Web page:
(A deleted scene from the Practical Recommender Systems book)
People use a computer in different ways – when I need to copy-paste something I always use <ctlr>-c and <ctlr>-v, while my wife insists (how irritating!) on always using the mouse right-click menu. I do not know if such habits can be translated to implicit ratings, unless they could be based on whether to be a geek or not. Just for fun, we could pursue the thought a bit. Let’s pretend that we are looking at films. If we have the Matrix – the geek movie of all time- who would you recommend it to if you only knew how the user performs copy-paste? I would answer the ones using the <ctlr> way. My wife is helping me a lot with this (book), so I should be careful about guessing what kind of films a person who does copy-paste with the right-click menu likes, but I would put her way in between the geek way and the ones doing copy-pasting using the menu in the top of the window.
Asking around, I tried to find members of each group, the ones that use the window menu to copy-paste, the ones that right-click and finally the ones that use only the keyboard. Then I asked them to point at which of three movies they liked more. This was the result of my little survey:
- <ctrl>-way = The Matrix.
- Right-click-way = Life of Walter Mitty
- Window menu-way = You’ve Got Mail
You can maybe think of it like shown in the figure.
To put this into practice I would need to record a series of copy-paste events from the user, at which point the system could then recommend the movie, which fits to this user’s behaviour.
I hope that this has never been implemented in practice, but if you think about it, then if you have the choice of recommending between “The Matrix” and “You’ve got mail”, the copy-paste behaviour could maybe contribute to give the system a better understanding of what to recommend.
The conclusion is that even if evidence might not be an obvious telltale about users taste, but it might contribute in making the implicit ratings more precise.
For those of you who read my introduction of my book, but haven’t bought it (yet :)), there is a small excerpt of the first chapter over on Dzone.
It is part of the description of what evidence is for a recommender system.
Front page of Practical Recommender Systems
For a computer scientist like me, the world of IT is such an exciting place! Since I started at university, I have seen the creation of companies like Amazon and Google, and later Netflix. They were for sure lucky to be in the right place at the right time. But it was ingenuity that has kept them in the market. What they did is a long story, but what I find interesting is that they have taken large quantities of content and made it accessible to the masses.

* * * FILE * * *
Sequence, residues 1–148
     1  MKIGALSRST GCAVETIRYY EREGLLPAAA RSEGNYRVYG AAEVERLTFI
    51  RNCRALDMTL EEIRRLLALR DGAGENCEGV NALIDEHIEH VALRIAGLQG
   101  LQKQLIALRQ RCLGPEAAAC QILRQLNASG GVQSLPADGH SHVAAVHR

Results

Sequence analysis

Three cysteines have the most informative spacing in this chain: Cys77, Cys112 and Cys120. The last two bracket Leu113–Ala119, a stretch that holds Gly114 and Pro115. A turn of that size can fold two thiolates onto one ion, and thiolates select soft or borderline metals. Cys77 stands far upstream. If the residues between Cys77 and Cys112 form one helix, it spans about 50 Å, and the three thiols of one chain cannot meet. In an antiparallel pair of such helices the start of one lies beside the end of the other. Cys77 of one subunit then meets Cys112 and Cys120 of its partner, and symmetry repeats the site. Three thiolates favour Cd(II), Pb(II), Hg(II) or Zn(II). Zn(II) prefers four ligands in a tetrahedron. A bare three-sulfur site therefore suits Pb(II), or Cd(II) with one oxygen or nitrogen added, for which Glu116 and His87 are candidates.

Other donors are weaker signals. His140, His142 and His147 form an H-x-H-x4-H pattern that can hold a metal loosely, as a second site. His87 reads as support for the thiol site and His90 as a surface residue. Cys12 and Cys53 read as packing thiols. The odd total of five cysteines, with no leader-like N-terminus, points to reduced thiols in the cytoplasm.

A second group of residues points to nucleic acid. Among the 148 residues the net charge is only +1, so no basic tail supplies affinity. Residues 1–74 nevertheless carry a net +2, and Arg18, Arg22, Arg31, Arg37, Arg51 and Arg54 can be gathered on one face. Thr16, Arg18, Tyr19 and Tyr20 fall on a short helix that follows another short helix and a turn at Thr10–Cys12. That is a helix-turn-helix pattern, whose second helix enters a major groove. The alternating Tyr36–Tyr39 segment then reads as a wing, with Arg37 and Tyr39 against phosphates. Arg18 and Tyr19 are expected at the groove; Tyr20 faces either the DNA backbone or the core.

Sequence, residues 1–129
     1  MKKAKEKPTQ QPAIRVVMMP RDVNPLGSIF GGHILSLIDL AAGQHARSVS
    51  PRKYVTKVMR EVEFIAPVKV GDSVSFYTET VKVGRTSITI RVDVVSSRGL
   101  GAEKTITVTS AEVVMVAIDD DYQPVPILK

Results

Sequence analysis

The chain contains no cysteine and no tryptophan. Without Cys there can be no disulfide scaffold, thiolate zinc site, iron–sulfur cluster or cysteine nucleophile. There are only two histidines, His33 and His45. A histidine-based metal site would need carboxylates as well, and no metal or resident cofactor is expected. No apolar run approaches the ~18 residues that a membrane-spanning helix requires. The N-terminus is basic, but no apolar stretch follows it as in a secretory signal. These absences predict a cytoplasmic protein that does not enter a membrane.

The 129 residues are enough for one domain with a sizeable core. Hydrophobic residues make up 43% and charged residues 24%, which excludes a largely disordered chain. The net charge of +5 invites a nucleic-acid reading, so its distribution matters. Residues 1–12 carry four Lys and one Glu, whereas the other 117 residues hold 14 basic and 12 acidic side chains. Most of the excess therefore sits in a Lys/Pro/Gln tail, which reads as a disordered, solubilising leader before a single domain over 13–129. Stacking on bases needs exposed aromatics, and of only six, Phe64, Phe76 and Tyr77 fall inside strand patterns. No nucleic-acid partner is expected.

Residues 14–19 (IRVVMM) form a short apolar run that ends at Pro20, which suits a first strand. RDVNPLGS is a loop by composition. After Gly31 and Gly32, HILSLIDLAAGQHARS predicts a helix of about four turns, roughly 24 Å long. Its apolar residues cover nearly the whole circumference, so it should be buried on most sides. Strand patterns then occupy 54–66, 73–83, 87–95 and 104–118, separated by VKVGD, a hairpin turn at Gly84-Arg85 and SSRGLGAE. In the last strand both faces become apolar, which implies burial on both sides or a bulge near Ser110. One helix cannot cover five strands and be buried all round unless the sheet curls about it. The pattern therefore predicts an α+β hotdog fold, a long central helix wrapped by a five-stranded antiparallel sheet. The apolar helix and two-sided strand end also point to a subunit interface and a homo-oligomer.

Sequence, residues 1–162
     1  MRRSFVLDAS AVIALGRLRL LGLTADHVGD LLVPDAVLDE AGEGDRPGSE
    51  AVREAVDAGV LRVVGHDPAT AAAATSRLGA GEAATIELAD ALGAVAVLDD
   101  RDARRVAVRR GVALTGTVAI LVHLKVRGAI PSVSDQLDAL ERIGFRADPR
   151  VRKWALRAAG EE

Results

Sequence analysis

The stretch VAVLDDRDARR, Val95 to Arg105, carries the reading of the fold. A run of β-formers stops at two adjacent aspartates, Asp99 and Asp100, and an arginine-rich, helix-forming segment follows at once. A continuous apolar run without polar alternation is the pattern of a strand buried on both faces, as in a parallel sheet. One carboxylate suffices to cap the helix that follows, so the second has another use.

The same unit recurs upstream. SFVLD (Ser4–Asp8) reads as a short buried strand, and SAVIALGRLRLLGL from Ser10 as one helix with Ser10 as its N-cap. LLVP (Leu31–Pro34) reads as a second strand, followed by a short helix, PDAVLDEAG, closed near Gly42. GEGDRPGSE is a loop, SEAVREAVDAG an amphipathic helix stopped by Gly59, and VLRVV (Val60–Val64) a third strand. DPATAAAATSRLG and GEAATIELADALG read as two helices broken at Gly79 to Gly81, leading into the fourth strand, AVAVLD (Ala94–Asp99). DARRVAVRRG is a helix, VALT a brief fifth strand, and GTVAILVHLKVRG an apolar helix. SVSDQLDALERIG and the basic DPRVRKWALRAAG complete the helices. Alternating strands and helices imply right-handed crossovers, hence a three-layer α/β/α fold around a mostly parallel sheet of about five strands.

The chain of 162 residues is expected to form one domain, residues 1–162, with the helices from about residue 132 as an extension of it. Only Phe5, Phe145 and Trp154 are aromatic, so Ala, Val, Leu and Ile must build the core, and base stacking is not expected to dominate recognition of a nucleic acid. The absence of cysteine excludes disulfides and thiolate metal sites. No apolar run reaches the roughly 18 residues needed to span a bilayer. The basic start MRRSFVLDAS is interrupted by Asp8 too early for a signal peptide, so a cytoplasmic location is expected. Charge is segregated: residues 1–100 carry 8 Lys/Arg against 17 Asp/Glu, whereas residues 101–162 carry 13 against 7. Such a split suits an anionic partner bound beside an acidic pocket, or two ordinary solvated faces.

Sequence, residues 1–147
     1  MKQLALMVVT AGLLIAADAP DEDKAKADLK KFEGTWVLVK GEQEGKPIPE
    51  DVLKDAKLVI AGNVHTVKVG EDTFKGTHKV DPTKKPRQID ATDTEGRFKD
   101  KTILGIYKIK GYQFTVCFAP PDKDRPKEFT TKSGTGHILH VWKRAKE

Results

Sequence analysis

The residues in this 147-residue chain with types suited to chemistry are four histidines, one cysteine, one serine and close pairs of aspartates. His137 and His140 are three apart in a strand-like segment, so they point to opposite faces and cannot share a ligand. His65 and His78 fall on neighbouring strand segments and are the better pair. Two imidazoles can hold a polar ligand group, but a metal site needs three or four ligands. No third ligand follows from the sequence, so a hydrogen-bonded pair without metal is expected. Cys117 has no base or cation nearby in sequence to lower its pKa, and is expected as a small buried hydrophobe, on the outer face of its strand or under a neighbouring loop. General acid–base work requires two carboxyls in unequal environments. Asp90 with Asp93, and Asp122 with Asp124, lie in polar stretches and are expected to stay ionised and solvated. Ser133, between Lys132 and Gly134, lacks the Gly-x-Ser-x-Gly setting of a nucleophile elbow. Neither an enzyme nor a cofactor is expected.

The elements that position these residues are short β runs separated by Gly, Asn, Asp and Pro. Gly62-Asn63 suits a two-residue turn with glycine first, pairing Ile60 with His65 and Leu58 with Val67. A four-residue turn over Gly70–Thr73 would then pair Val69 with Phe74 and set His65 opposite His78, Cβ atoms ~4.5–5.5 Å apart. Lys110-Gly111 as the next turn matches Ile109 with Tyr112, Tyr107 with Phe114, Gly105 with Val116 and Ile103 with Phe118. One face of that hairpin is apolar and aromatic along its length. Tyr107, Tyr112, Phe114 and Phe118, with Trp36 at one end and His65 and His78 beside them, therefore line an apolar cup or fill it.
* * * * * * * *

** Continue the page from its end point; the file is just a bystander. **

One of the advantages of being an internet business is the fact that you are not limited by physical walls like traditional shops and your list of products can be close to never ending. If a physical store was truly so vast, customers would struggle to find anything and simply get lost. They would probably go to the shop next door, which has fewer products and buy things that are not exactly what they wanted, but are easily accessible.
Offering lots of content does not ensure success, not even if you have precisely what your users want. Often 20% of your content will produce 80% of your business, if you can match the rest of the 80% of the content with your users, you will have more happy users and more business. The problem of activating the last 80% of the content is called the long tail problem.
A way to enhance the accessibility to the content for the users is to add a recommender system to you site. This can attempt to predict what your customers want and serve it to them.
Implementation of Recommender systems is an intriguing task. The actual algorithms like collaborative or content-based filtering are just a small part of it. If you do not feed the algorithm with the right data, it will not produce anything worth looking at. Using user ratings will often not produce the results that users want. Looking at context is also often something worth thinking about. And when it is all implemented and running, how do you know that it is working, how do you measure improvements?
I never found a book answering these questions; I found lots of good books explaining how to implement the algorithms mentioned above, but never a book that described everything around as well. So I started working on one. It just came out in an early release at Manning
Go and have a look, the first chapter is free!